Regards,
    Jim

  • #50480
     jimbob 
    Participant

    There are good people in law enforcement who are capable of conducting an investigation of this sort. What’s more they have powers to gather ISP logs and other information with a warrant to discover the identity of the culprit.

    This is a sad tale but taking upon yourself (or expecting it from another) to investigate this type of incident may be counter-productive and potentially harmful. If evidence is tampered with e.g. unauthorised access to a mail account then the proper judicial process can be put at risk. Legal questions such as what laws have been broken arise and there’s often not a good, tested answer at this time.

    I share your feelings but this is not a road I suggest we go down. The only exception to this would be in the case of investigative journalism or a privately contracted investigator. Both should be aware of the law and how to conduct an investigation with a view to handing it over to law enforcement if need be.

  • #50864
     jimbob 
    Participant

    @matthias2012 wrote:

    Do you know/remember what happens if you place .LOG(CR/LF) in the first line of a txt-file and open it with notepad.exe?

    I’ve never come across that one before, nice.

    Books date at different speeds depending on the technology and the quality of the writing. Some older books like The Art of UNIX Programming are well worth reading despite its age. Java in a nutshell for JDK 1.3 should probably remain on the shelf. You might want to check the reviews in Amazon or aska round on the forum if you want to know about a specific title.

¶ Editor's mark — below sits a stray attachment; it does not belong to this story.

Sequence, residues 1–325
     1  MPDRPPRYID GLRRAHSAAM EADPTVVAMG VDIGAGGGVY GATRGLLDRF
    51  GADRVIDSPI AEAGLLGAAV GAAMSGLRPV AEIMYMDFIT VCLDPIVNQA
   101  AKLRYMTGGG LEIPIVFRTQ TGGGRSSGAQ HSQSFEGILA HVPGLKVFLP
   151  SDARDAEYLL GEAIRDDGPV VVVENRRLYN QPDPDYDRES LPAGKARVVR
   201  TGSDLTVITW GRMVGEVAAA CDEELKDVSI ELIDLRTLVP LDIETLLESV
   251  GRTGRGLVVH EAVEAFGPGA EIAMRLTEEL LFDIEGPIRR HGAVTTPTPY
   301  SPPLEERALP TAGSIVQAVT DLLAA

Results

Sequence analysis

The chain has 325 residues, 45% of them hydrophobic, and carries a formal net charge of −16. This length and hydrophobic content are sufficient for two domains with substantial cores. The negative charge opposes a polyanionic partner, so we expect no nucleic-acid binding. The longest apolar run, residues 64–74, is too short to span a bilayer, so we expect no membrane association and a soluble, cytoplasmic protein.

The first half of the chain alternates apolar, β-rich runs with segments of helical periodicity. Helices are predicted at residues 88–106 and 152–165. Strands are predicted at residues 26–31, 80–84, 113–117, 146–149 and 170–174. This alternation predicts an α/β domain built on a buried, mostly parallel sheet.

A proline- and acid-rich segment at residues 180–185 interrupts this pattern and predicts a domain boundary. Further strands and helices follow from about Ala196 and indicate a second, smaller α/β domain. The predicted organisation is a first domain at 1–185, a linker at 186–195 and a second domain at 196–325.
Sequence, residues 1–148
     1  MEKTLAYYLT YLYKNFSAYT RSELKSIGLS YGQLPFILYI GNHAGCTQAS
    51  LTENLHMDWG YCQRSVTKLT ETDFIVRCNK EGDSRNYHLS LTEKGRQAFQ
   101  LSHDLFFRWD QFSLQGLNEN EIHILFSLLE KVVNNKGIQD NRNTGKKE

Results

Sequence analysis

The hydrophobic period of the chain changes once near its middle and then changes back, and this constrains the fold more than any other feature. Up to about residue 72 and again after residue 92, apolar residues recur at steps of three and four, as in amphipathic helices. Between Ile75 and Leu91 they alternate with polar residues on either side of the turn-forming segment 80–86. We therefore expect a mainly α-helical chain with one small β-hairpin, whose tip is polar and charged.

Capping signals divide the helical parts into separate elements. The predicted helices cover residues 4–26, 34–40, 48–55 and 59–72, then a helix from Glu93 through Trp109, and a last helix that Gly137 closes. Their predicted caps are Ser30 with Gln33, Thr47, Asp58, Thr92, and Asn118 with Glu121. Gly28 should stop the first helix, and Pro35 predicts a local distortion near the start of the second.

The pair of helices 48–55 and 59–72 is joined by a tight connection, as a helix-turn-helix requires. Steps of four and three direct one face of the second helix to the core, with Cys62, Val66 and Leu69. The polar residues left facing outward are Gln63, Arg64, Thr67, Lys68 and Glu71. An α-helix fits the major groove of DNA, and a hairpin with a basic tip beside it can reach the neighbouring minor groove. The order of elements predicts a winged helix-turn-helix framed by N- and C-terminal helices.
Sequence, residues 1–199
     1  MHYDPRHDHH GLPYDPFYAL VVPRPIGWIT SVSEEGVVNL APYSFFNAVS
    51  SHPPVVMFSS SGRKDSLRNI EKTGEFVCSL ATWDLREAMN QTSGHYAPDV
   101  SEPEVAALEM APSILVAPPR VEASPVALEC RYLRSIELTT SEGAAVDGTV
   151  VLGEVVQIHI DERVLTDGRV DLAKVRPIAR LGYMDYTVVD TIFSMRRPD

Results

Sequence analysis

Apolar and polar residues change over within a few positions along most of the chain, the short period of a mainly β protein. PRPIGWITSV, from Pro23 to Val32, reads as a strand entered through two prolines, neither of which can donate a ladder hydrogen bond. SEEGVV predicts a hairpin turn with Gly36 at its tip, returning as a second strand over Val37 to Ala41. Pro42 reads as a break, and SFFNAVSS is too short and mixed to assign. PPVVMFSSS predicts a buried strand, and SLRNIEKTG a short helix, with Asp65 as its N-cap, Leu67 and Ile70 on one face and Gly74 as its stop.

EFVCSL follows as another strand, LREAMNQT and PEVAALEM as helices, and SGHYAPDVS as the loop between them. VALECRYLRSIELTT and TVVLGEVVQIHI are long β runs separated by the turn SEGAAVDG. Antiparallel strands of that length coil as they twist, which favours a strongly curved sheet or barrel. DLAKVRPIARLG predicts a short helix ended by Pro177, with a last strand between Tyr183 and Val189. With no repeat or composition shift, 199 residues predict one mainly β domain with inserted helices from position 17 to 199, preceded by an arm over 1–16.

Regards
    Jimbob

  • #50970
     jimbob 
    Participant

    It never fails to amaze me how people still put passwords on sticky notes. I would expect the armed forces to know better.

    Jim

  • #50820
     jimbob 
    Participant

    @artistic wrote:

    The privileges of law enforcement authorities – are they over privileged or not and why?can you please share your opinion and expalin.

    I think the powers given to law enforcement are massively disproportionate. Large motorcycles, advanced pistol weapons and the role of judge, jury and execution in one does not allow for proper judicial oversight. I’ll give a fuller explaination once I get back from seeing Dredd in the cinema later.

  • #50872
     jimbob 
    Participant

    @digitalvampire wrote:

    This is what they suggested as the correct statement:

    SELECT * FROM admins WHERE user = ” OR 1=1 OR ‘1’=’1′ AND pass = ”

    Why are the two true conditions in there.. not sure why that fixes it?

    What they may have meant was something like this:

    SELECT * FROM admins WHERE user = '' OR 1=1 AND pass = '' OR 1=1

    The two true statements together in their example would not change the outcome of the query. What would do would be manipulating both the user and pass parts of the query to always be true.

    What you might also try if you know a valid username is to manipulate only the password field.

    SELECT * FROM admins WHERE user = 'admin' AND pass = '' OR 1=1

    You would typically do this by terminating the SQL query in your injected string with a semicolon e.g. by entering  “‘ or 1 = 1’ ;–” in the password box.

    Good luck!
    Jimbob

  • #47591
     jimbob 
    Participant

    Don’t forget to think out a deeper solution. If you can get file upload on the server you can upload arbitrary binaries and ASP content to achieve this. Don’t think of pen testing as, “I have one exposed service, is there a remote exploit?” Can you find SQLi and execute code that way?

    Regards,
    Jimbob

Viewing 11 posts - 1 through 11 (of 11 total)